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*Senator Roisin Garvey. Photograph: Natasha Barton

APPEALS TO AN BORD PLEÁNALA are to be launched following the granting of planning permission for a €1.2bn data centre on the outskirts of Ennis.

Lands for the data centre in March 2019 were zoned by elected representatives of Clare County Council. Prior to this, a delegation from the county which included then Mayor, Tom McNamara (FF) and current Director of Economic Development, Liam Conneally visited Facebook’s data centre in Lulea, Sweden.

Speaking at that March meeting, Conneally predicted that the data centre would become “a game-changer project not just for Ennis but for Co Clare”. Estimates that the development could result in investment of €400m to €500m were also issued.

It is expected that the data centre would create 250 permanent jobs and generate millions of euros in annual rates for the County Council.

Environmentalists have criticised the decision of the Council to give the green light and have committed to appeal the decision to An Bord Pleánala, citing the fact that it will consume as much electricity as 200,000 homes and emit 657,000 tonnes of CO2 annually.

Ironically, strong criticism has been aired online with one of the functions of data centres to collect, store, process, distribute and allow access to large amounts of data from social media sites.

Senator Roisin Garvey (GP) disputed the figure issued by the developers this week that the data centre would create 400 to 500 jobs. The Inagh woman was adamant that the project would not proceed, “Eirgrid won’t give permission for it to connect to the grid, we don’t have the energy, we all know that, we have an energy crisis at the moment. It has planning permission but the reality is this won’t be built anytime soon”.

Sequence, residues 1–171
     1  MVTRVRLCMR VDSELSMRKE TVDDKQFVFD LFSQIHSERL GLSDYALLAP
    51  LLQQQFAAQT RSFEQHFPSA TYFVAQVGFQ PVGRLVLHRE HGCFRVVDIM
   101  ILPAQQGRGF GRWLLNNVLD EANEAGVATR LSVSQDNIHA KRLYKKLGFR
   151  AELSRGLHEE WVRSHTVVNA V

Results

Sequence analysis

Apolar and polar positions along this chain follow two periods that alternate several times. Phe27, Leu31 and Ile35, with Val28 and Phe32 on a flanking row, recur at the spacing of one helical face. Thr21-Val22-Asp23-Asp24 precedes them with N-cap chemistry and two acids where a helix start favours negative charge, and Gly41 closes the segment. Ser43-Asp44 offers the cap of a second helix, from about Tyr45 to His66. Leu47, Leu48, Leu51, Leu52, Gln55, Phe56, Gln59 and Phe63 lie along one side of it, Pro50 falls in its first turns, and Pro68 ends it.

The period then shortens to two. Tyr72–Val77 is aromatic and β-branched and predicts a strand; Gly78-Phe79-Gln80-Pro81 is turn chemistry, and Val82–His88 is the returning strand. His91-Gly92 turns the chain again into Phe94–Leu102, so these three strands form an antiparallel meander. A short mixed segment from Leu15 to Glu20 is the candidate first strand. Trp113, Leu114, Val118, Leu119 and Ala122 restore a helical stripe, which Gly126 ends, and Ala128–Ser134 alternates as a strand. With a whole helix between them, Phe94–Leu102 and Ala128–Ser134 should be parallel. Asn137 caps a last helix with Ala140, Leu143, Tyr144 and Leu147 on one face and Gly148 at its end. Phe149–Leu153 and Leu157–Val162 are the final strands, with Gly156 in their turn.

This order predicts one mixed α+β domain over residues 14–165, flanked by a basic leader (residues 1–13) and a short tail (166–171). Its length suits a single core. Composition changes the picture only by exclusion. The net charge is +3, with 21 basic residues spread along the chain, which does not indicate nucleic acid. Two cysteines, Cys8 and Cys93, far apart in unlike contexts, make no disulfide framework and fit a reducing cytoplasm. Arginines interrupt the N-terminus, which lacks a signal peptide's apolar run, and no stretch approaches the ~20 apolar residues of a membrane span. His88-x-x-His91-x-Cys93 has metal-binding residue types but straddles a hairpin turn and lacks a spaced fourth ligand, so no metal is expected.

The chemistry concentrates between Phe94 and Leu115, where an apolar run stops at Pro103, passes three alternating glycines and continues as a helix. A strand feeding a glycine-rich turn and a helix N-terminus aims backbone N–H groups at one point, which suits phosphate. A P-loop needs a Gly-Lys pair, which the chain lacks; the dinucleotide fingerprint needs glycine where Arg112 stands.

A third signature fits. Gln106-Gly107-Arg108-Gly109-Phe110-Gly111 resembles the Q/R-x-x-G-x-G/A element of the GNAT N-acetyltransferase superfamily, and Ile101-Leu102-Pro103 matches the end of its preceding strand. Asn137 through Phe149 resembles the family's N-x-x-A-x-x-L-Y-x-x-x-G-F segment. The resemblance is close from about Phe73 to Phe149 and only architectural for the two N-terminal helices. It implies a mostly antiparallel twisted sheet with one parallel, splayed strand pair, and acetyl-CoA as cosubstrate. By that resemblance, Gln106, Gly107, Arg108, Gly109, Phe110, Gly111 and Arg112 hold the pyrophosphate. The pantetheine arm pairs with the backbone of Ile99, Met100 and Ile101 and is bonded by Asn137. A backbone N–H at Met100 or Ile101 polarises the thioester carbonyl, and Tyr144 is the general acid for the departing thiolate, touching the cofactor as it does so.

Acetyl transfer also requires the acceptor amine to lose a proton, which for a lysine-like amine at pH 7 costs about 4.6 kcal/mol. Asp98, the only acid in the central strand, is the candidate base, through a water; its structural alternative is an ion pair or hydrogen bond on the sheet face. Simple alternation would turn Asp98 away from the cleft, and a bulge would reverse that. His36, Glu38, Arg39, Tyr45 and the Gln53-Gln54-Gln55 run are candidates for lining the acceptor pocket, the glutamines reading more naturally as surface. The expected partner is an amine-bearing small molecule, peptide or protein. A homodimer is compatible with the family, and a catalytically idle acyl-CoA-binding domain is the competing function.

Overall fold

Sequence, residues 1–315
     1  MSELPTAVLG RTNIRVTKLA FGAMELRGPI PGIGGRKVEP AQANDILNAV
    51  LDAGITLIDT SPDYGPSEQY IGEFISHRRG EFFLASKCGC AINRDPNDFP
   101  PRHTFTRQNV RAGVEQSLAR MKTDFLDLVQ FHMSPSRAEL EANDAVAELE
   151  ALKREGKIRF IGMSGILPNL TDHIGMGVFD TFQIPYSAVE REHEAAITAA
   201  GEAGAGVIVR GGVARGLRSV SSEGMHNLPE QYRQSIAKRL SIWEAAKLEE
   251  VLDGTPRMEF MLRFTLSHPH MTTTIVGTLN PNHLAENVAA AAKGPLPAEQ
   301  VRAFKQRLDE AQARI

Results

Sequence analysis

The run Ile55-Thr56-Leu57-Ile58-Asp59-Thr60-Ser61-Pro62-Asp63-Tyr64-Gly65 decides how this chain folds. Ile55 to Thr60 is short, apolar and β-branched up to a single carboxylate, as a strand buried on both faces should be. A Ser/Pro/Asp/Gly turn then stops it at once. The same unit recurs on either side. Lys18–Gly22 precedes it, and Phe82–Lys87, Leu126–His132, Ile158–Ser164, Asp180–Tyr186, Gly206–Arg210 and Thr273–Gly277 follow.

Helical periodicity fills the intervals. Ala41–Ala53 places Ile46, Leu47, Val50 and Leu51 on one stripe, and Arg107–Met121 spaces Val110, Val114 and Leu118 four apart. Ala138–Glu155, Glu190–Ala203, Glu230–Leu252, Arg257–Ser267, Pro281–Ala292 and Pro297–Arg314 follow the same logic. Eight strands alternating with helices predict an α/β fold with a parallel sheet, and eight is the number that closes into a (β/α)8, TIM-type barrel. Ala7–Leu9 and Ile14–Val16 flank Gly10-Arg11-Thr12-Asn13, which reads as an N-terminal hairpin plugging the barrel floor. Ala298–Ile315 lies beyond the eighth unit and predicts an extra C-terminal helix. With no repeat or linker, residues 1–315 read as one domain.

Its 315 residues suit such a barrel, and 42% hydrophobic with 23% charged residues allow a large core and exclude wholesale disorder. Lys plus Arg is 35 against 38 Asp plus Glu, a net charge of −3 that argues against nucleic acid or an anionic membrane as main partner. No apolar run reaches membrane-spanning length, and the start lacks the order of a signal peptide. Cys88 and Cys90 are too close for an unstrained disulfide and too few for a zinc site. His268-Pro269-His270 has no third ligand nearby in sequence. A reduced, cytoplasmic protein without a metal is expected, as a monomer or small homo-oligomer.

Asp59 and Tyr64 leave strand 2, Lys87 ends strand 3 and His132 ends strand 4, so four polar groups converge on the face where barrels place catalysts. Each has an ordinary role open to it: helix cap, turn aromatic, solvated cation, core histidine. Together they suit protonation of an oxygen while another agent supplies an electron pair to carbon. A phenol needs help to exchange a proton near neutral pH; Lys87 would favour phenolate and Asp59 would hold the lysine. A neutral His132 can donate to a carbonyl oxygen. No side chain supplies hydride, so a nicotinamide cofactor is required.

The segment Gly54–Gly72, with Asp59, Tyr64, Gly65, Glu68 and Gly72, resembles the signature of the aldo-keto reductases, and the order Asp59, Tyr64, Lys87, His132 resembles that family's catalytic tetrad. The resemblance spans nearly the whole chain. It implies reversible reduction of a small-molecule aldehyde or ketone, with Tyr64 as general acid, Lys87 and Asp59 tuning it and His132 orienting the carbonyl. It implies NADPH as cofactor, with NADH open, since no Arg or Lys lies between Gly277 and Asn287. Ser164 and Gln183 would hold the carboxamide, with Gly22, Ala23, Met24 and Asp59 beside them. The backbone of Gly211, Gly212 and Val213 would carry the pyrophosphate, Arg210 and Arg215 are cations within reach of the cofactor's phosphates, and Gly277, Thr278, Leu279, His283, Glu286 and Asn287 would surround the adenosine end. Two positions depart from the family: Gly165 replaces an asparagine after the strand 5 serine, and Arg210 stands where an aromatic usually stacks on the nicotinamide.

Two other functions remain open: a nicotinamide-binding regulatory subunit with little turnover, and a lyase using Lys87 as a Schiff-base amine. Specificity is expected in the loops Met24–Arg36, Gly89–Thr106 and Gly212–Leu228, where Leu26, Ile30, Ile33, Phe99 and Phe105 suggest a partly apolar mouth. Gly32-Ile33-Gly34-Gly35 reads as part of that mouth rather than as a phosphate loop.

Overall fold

She added, “Eirgrid aren’t allowed give any more connections to data centres, we all know they are a big energy guzzler, it’s not in reality going to happen. Maybe they are thinking in 2040 we will have it all sorted but that is ridiculous thinking that far ahead, we have a climate crisis, an energy crisis and war in Ukraine, no data centre anywhere is getting connected to the grid”. Speaking on behalf of the Green Party’s Clare branch, she warned, “It will double the current electricity consumption in the county and exceed the greenhouse gas emissions of the from the entire cattle herd in Clare”.

Speaking to The Clare Echo, Cllr Pat Daly (FF) stated, “I think it is great news for Ennis and the hinterland particularly with jobs in the building stage and permanent jobs in the future when the building is completed. I admire Mr McNamara for his foresight and I wish the project well for the future. The planners have done their job, they’ve brought in environmental experts. That should be enough to alleviate any worries in that sector. I wouldn’t like to see a repeat of what happened in Athenry, they’re too many jobs at stake”.

Futureproof Clare warned that building one of the country’s largest data centres brings health risks. Ruairí Ó Fathaigh said, “The plans to build one of the largest data centres in the country here in Ennis brings with it an additional threat to the health of people here as the plans include a gas burning plant that will only make the air quality here worse than it already is, leading to asthma and other respiratory problems”.

Mayor of the Ennis Municipal District, Cllr Clare Colleran Molloy (FF) praised the decision. “I believe it is a very positive step forward not just for Ennis but for Clare, the west of Ireland and Ireland indeed because this will be of such a structural magnitude that it will be the largest in the country, that is my understanding. We have to give credit to the Executive team who asked the councillors some years back to zone these lands for the Data Centre and councillors did see the merit of that”. She said it was “unfounded” to suggest the data centre would cause poor air quality in Ennis.

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